“Since lack of blood flow is one of the primary causes of sexual dysfunction and lack of sexual stamina, acai berries are commonly used as an alternative medicine to help patients with these conditions.”

Practical tips
Acai is versatile and can be consumed raw, as a juice, or in tablet or powder form. It can be added to various beverages like smoothies, juices or energy drinks, or mixed into other food products such as yoghurt, jelly and ice cream.

Freeze-dried acai fruit is a good option as it maintains all its nutrients. If you buy acai juice, make sure you choose a brand that hasn’t been heated or pasteurised.

If you’re allergic to pollen or other fruits, it’s best to consult your doctor and get an updated allergen test before adding acai to your diet.

Other natural libido boosters
Looking for other natural ways to spice up your sex life?

Ginseng, yohimbine and saffron are also proven performance boosters, according to Prof Massimo Marcone of the Department of Food Science at the University of Guelph.

Marcone and fellow researchers investigated claims of both physical and psychological sexual enhancement by examining hundreds of studies meeting strict controls on commonly used consumable aphrodisiacs in one of the most thorough scientific reviews to date.

The results of the review, published in Food Research International (2011), are regarded as one of the most thorough scientific reviews to date. It indicated that:

  • Panax ginseng, saffron and yohimbine, a natural chemical from the West African yohimbe tree, improved human sexual function.
  • Increased sexual desire was reported after eating a flowering plant found in Brazil called muira puama, maca root and a mustard plant from the Andes.
  • Nutmeg, cloves, garlic, ginger, and ambergris (formed in the intestinal tract of the sperm whale), are other substances linked to increased sexual behaviour in animals.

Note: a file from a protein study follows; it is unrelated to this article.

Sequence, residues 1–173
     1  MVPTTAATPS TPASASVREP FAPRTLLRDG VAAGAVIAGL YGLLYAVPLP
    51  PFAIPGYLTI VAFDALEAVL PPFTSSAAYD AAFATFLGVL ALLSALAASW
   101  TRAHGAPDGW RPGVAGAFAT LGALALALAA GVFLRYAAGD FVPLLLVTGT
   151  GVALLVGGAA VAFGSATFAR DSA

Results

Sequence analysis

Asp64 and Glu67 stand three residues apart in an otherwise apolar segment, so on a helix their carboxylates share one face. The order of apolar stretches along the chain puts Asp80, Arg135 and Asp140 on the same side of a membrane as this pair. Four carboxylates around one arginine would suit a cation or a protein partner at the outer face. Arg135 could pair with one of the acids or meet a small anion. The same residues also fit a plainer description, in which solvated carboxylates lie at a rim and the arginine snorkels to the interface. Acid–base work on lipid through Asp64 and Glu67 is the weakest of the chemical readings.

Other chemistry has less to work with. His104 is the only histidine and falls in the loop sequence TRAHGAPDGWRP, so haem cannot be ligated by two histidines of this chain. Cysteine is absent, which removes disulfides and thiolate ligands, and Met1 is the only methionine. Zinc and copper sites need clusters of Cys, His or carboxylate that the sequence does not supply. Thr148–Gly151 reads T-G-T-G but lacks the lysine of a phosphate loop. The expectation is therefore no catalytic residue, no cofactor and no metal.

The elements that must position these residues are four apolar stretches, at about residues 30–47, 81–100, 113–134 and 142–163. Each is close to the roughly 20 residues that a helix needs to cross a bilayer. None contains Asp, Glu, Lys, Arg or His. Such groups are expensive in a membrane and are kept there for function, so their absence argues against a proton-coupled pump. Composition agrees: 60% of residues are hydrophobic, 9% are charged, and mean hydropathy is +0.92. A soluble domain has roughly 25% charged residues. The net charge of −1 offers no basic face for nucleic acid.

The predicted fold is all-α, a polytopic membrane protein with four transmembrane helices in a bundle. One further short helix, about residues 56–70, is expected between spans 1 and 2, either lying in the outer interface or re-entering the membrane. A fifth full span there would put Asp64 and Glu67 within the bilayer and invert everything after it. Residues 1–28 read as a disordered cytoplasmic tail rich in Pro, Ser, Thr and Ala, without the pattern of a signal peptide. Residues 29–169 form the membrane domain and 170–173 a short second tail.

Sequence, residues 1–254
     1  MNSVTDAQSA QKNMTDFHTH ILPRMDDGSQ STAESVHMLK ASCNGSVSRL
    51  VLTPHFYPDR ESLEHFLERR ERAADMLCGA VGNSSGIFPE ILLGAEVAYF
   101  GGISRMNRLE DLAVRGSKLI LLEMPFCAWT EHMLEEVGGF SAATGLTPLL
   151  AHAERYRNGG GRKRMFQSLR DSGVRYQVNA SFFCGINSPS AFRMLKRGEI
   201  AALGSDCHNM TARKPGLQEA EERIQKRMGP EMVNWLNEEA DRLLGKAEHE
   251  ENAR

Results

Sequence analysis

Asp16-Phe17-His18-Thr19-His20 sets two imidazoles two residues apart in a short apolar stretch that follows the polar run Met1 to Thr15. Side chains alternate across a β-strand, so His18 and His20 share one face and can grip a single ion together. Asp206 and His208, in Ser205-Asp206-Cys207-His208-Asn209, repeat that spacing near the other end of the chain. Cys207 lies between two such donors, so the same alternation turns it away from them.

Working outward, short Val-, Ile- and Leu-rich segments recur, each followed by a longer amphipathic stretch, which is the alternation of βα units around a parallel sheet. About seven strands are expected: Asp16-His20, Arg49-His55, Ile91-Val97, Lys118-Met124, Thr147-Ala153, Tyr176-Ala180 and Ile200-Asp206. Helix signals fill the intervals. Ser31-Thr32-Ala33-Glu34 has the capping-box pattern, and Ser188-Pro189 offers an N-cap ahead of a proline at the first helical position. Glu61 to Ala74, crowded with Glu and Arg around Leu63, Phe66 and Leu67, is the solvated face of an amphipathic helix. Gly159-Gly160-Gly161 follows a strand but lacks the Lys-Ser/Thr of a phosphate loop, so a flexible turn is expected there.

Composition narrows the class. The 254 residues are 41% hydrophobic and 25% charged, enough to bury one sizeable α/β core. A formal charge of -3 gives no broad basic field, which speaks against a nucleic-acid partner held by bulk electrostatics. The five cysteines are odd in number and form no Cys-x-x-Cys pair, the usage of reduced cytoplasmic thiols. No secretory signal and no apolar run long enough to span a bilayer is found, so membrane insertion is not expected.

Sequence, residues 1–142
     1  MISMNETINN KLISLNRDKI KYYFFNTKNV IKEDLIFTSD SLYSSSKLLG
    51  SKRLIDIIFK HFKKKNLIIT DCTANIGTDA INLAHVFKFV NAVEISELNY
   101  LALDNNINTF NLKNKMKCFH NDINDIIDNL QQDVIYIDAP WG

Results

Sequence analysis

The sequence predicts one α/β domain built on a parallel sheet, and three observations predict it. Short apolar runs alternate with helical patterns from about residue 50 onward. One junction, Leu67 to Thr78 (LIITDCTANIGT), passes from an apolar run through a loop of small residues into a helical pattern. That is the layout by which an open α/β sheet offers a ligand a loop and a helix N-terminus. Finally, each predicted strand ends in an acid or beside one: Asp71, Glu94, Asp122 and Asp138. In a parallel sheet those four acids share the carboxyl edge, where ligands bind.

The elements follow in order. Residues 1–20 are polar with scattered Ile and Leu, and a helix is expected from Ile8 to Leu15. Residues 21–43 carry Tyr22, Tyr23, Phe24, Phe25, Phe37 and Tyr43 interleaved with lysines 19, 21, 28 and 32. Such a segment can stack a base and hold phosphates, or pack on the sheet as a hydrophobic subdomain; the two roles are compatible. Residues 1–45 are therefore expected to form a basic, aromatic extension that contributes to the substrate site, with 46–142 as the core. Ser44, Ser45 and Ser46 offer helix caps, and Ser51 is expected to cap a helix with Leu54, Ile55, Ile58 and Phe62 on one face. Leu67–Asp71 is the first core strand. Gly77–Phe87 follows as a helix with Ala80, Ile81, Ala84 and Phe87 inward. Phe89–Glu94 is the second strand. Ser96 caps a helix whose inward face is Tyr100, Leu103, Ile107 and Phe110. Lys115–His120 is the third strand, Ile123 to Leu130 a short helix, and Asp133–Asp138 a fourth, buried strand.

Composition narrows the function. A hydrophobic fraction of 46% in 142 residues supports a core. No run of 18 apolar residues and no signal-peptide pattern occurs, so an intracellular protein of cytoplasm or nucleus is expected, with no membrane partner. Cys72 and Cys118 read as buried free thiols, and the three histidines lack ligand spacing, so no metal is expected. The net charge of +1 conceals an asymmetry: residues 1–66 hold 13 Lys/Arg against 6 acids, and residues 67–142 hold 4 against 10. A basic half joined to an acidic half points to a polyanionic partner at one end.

• Despite its supposed aphrodisiac qualities, chocolate wasn’t linked to sexual arousal or satisfaction.
  • Alcohol was found to increase sexual arousal but to impede sexual performance. Important note: Always consult your doctor before using complementary and alternative medicines, and remember to tell your doctor if you’re already using them and when new medications are prescribed. Many of these therapies may interfere with other medications.

 

Glossary:

– Complementary and alternative medicines include a wide range of vitamins, minerals, herbal supplements, nutritional supplements, aromatherapy products and homoeopathic products. They may either be listed or registered, depending on their ingredients and the claims made. In Australia, the Therapeutic Goods Administration (TGA) regulates complementary medicines as medicines.

– Superfoods. No official definition exists. Registered dietician and spokesperson for the Academy of Nutrition and Dietetics in the US, Marisa Moore, describes them as functional foods with an extraordinarily high nutrient and antioxidant content or which provide nutrients that promote health in several different ways.

References:
Complementary Medicines Australia
Harvard School of Health Nutrition Source
MedlinePlus.gov
ScienceDirect.com
Australian Department of Health
WiseVitamin.com
Sharecare.com
MedlinePlus.gov
Mindbodygreen.com
Naturalnews.com
Herbwisdom.com
JeanHailes.org.au
– Yali Wang, Yuchun Wang, Brian McNeil, Linda M. Harvey, Maca: An Andean crop with multi-pharmacological functions, Food Research International, Volume 40, Issue 7, August 2007, Pages 783-792, ISSN 0963-9969.
Natural Medicines,
Thinkingnutrition.com.au
US Department of Health and Human Services
Choice magazine